A low GI breakfast before exercise could help with weight loss, a study conducted at The University of Nottingham has found.
The benefits of physical activity and a balanced diet are well documented and already form the basis of many public health recommendations. But could the type of food you eat prior to exercise impact on the results of your workout?
A study led by Dr Emma Stevenson in the University’s School of Biomedical Sciences and published in the Journal of Nutrition looked at eight healthy but sedentary young women following an overnight fast. In one study period they were given a breakfast of food known to cause large rises in blood glucose — those with a high glycemic index (GI). In another study period the same women breakfasted on food with a low GI. Both the high GI and low GI breakfasts had a similar calorific value.
The high GI breakfast consisted of cornflakes and milk, white bread and jam and a carbonated glucose drink. The low GI breakfast was made up of muesli and milk, tinned peaches and yoghurt and apple juice. Both breakfasts contained the similar amounts of carbohydrate, fat and protein and contained approximately 265 kcal (based on a 50kg individual).
Three hours later the participants did a 60-minute walk on a treadmill at a speed and gradient equivalent to 50 per cent of their maximum exercise abilities. A lunch — the same in both study periods — was then provided.
Blood samples were taken from the test subjects before they ate breakfast and then repeatedly throughout the three hours after breakfast, and for a two hour post-exercise period. Samples of expired air were also collected from the participants at regular intervals both at rest and during exercise. This provided an estimation of the amount of oxygen being consumed and carbon dioxide being produced by the participants. From this, energy expenditure and the amount of carbohydrate and fat being oxidised was calculated. Appetite was also assessed throughout the experimental protocol using visual analogue scales.
Blood glucose concentrations were higher — as expected — after the high GI breakfast than the low GI breakfast, and had returned to normal levels by the time the subjects started to exercise. But plasma free fatty acids (FFA) — which indicate the amount of fat being used as an energy source — began to rise two hours after the low GI breakfast was consumed. Exercise then led to a rapid increase in FFAs in both groups — but concentrations were higher in the low GI group. After lunch the concentration of FFAs was the same in both groups, but overall fat oxidation was higher in the low GI group than the high GI group.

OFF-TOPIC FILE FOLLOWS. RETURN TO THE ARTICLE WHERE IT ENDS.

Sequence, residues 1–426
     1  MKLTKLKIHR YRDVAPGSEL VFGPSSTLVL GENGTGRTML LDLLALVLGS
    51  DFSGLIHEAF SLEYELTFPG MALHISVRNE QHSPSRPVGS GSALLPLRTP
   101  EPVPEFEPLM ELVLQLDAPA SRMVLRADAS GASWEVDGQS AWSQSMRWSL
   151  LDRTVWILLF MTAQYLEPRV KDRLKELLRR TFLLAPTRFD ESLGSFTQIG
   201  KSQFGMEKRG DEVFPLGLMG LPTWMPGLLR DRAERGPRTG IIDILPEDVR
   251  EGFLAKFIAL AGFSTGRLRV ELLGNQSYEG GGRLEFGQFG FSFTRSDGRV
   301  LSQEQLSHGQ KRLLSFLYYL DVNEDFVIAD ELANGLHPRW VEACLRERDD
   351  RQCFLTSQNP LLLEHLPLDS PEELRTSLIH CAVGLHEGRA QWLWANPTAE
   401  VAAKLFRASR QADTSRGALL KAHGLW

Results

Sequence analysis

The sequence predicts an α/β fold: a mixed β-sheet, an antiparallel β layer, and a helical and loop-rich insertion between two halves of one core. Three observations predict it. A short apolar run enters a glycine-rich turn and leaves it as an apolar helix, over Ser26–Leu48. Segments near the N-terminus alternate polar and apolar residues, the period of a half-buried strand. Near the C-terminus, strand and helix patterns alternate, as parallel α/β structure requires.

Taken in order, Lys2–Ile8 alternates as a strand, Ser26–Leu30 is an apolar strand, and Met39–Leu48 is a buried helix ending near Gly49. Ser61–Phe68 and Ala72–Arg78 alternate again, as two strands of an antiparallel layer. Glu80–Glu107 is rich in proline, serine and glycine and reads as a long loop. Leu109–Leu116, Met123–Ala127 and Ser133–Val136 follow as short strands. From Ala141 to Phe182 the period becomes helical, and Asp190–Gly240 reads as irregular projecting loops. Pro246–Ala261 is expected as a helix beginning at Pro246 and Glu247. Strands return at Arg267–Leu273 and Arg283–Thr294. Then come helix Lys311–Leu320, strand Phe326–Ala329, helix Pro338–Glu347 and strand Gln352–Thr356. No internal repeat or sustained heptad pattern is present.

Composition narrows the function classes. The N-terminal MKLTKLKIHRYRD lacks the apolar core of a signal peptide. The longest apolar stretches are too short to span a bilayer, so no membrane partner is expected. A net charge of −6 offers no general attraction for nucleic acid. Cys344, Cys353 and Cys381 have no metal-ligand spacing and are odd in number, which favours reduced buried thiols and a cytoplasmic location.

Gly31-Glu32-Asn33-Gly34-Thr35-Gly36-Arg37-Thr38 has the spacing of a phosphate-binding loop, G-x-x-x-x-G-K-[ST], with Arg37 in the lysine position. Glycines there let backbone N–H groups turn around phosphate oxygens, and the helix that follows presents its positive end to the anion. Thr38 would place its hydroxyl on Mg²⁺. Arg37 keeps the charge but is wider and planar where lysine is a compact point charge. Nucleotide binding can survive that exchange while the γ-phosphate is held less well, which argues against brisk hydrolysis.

Dr Stevenson said: “Following the study, we concluded that consuming a low GI breakfast increases fat oxidation both at rest and during subsequent exercise. Longer-term studies are required to investigate whether the combination of a low GI diet and regular exercise will result in an increase in fat mass loss. A low GI breakfast also had an impact on appetite, with test subjects feeling fuller for longer after they’d eaten these types of foods.
“As such, individuals trying to shed fat may consider choosing low GI foods before they exercise.”
Notes to editors: The University of Nottingham is ranked in the UK's Top 10 and the World's Top 100 universities by the Shanghai Jiao Tong (SJTU) and Times Higher (THE) World University Rankings.
More than 90 per cent of research at The University of Nottingham is of international quality, according to RAE 2008, with almost 60 per cent of all research defined as ‘world-leading’ or ‘internationally excellent’. Research Fortnight analysis of RAE 2008 ranks the University 7th in the UK by research power. In 27 subject areas, the University features in the UK Top Ten, with 14 of those in the Top Five.
The University provides innovative and top quality teaching, undertakes world-changing research, and attracts talented staff and students from 150 nations. Described by The Times as Britain's “only truly global university”, it has invested continuously in award-winning campuses in the United Kingdom, China and Malaysia. Twice since 2003 its research and teaching academics have won Nobel Prizes. The University has won the Queen's Award for Enterprise in both 2006 (International Trade) and 2007 (Innovation — School of Pharmacy), and was named ‘Entrepreneurial University of the Year’ at the Times Higher Education Awards 2008.
Nottingham was designated as a Science City in 2005 in recognition of its rich scientific heritage, industrial base and role as a leading research centre. Nottingham has since embarked on a wide range of business, property, knowledge transfer and educational initiatives (www.science-city.co.uk) in order to build on its growing reputation as an international centre of scientific excellence. The University of Nottingham is a partner in Nottingham: the Science City.